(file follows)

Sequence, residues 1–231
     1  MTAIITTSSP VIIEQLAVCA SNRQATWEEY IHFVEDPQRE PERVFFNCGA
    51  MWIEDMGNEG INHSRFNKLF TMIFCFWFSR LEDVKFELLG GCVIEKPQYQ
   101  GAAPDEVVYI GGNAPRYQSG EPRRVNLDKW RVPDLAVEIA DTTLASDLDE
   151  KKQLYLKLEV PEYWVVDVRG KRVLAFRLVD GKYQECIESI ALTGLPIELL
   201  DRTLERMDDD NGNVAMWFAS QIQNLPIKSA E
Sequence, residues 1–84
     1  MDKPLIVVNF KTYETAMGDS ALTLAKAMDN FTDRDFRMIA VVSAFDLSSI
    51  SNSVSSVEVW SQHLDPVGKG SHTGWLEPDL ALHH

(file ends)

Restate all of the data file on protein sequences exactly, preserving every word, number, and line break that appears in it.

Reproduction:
Sequence, residues 1–231
     1  MTAIITTSSP VIIEQLAVCA SNRQATWEEY IHFVEDPQRE PERVFFNCGA
    51  MWIEDMGNEG INHSRFNKLF TMIFCFWFSR LEDVKFELLG GCVIEKPQYQ
   101  GAAPDEVVYI GGNAPRYQSG EPRRVNLDKW RVPDLAVEIA DTTLASDLDE
   151  KKQLYLKLEV PEYWVVDVRG KRVLAFRLVD GKYQECIESI ALTGLPIELL
   201  DRTLERMDDD NGNVAMWFAS QIQNLPIKSA E
Sequence, residues 1–84
     1  MDKPLIVVNF KTYETAMGDS ALTLAKAMDN FTDRDFRMIA VVSAFDLSSI
    51  SNSVSSVEVW SQHLDPVGKG SHTGWLEPDL ALHH